We wrote recently about the fact that our God is an extremely generous and extravagant God, willing to release to us all that we need to live an overcoming life. [Blog 279]. And yesterday we talked of the need to avoid letting a spirit of entitlement sour our relationship with the Lord. Is that a contradiction? And where does staying in ‘faith’ sit between, confidence in the Lord’s extravagant provision for us, and entitlement.
I think that ‘faith’ slips over into entitlement when we find ourselves harbouring disappointment and saying something like, “I thought the Lord was going to…….”, or “Lord, why didn’t you…..? or even “I don’t understand, if the Lord loves me, (sister ‘A’, or brother ‘B’), why did He let that happen? Faith can slip into entitlement when our hoped for expectations are dashed, and then we can even feel our disappointment turning into disillusionment.
Jeremiah is someone who certainly felt, quite understandably, that God had let Him down in a big way. His lament/complaint is recorded for us in Lamentation. Have a read of chapter 3:1-19. Surely he, who had been doing God’s work, had a right to be ‘looked after’ by God. His disillusionment took him to the place where he didn’t just feel let down, but positively persecuted by God, saying things like….. “He has walled me in so I cannot escape; He has weighed me down with chains.” “Even when I call out or cry for help, He shuts out my prayer”. “He pierced my heart with arrows from His quiver.” Jeremiah was not a happy man.
The good news was that he took his complaint to God, and we hear the dialogue between them in Jeremiah 15: 15-21. In answer to his question, “Why is my pain unending and my wound grievous and incurable? Will you be to me like a deceptive brook, like a spring that fails?” (i.e like something that promises a great deal but doesn’t deliver?), the Lord has this to say…. (and this needs to be read in an older version, or the Amplified Bible, to get the full weight of it).
“If you return, (and give up this mistaken tone of distrust and despair) then I will give you again a settled place of quiet and safety, and you will be my minister; and if you separate the precious from the vile (cleanse your own heart from unworthy and unwarranted suspicions concerning God’s faithfulness ), you shall be my mouthpiece….and I will make you a fortified bronze wall…… I am with you to save and deliver you, says the Lord.”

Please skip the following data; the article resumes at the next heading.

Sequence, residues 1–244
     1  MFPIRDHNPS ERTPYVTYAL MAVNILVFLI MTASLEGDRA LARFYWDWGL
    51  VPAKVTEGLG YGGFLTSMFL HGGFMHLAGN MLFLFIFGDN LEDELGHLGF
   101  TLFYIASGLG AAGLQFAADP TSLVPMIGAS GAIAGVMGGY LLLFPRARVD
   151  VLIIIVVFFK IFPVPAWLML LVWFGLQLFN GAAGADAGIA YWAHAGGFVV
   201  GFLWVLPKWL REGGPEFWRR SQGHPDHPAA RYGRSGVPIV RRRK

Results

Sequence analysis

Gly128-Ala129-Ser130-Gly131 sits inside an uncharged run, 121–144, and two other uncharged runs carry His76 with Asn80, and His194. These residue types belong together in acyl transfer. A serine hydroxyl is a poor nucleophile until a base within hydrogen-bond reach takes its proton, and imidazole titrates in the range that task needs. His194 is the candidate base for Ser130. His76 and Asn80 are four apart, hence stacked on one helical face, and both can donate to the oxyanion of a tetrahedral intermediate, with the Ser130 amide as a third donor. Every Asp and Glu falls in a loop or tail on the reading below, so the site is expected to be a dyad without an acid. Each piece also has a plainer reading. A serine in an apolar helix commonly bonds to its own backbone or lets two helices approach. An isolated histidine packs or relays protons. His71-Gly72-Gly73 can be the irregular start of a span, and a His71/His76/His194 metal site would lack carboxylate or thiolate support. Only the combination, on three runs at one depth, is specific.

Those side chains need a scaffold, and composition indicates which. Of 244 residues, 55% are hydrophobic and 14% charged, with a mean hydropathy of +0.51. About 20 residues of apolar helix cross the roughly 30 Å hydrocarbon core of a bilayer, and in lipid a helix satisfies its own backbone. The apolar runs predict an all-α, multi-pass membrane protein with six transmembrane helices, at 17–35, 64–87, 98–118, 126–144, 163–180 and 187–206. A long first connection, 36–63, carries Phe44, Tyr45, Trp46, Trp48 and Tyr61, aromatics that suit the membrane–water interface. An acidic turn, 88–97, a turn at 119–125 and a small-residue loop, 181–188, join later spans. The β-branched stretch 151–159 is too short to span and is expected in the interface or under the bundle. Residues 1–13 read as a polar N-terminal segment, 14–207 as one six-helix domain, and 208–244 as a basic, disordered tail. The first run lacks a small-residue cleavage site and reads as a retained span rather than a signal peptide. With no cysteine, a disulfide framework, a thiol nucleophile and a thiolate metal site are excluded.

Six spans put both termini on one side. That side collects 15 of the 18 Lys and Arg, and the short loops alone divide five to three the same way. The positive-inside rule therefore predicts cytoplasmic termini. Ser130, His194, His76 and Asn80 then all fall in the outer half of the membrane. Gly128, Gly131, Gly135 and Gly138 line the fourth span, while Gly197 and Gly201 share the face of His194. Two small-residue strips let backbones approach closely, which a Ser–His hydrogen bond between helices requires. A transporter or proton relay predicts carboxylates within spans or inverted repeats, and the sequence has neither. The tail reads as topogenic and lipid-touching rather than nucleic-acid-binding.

So how does Jeremiah do that? How does he separate the precious (his faith) from the vile, (his doubts)? Well in Lamentations 2:21-24 we get a clue. He ‘calls to mind God’s great and steadfast love and his mercy. He remembers that ‘it is because of the Lord’s great love that we are not consumed.’ We are not specifically told that He gave thanks for that love, but somehow his gratitude worked for him. He gains fresh hope and can declare the “Lord is good to those who hope in Him.”
Many years ago now I was moved by a friend who, going through a very difficult and protracted time with her family, seemed to be very steady in her faith. When we asked further about how she was managing to ‘stay in faith’, she quoted those words, “It is because of the Lord’s mercy that we are not consumed”. In other words, He has died for us and saved us. If we actually got what we deserved we would all be consumed. I’m not entitled to anything more. Salvation itself, all it means, and all it has achieved for me for all eternity, is so big, so immense, why should I complain if the other things that I would want at this time seem to be lacking?
When I am feeling disappointed, and it seems that, in spite of God’s declared character and promises, I am feeling that He hasn’t ‘come through’ for me, I really, really need to guard my heart with thanksgiving. I need to remind myself with thanksgiving of all that He has done. I need to look at the cross again and thank Him for my salvation. I need to remember the wonderful truth of ‘Emmanuel’- God is with me, and ‘Christ in me the hope of Glory’. I need to call to mind my history, my journey, my testimony and give thanks for all the ways in which He has been there for me in the past.
Thanksgiving will keep me ‘in faith’ for more of God’s goodness in my future, in a way that my complaints won’t. Thanksgiving will keep me in those moments when, like Basilea Schlink, I need to say, “My Father I don’t understand you but I do trust you”. Or even like Job declare “Though He slay me, yet will I hope in Him; …” Job 13:15, and “I know that my redeemer liveth, and that He shall stand in the latter day upon the earth: and though worms destroy this body, yet in my flesh shall I see God” Job 19:25,26. Now that’s the kind of faith that is precious to God!